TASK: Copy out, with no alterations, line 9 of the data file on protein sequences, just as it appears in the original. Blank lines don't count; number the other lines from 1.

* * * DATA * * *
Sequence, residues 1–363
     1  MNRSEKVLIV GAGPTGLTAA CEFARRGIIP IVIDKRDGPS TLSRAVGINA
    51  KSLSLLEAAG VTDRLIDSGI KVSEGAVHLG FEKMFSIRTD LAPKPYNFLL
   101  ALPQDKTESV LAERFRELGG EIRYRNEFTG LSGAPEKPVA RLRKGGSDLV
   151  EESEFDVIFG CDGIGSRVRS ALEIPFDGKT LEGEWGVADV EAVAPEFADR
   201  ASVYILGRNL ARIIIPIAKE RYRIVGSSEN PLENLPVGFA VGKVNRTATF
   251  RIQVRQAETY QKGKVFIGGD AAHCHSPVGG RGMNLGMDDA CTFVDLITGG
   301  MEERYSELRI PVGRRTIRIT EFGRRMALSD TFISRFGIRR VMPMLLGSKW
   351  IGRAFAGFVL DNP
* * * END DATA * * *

   351  IGRAFAGFVL DNP